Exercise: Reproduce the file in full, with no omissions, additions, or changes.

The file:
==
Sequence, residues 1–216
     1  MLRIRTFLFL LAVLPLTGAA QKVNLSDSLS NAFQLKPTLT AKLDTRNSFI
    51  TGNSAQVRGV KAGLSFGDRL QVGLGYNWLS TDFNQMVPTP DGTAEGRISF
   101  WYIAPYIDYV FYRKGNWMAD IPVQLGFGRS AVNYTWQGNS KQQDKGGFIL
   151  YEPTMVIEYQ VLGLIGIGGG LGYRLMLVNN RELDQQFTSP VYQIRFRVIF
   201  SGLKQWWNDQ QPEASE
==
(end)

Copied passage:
Sequence, residues 1–216
     1  MLRIRTFLFL LAVLPLTGAA QKVNLSDSLS NAFQLKPTLT AKLDTRNSFI
    51  TGNSAQVRGV KAGLSFGDRL QVGLGYNWLS TDFNQMVPTP DGTAEGRISF
   101  WYIAPYIDYV FYRKGNWMAD IPVQLGFGRS AVNYTWQGNS KQQDKGGFIL
   151  YEPTMVIEYQ VLGLIGIGGG LGYRLMLVNN RELDQQFTSP VYQIRFRVIF
   201  SGLKQWWNDQ QPEASE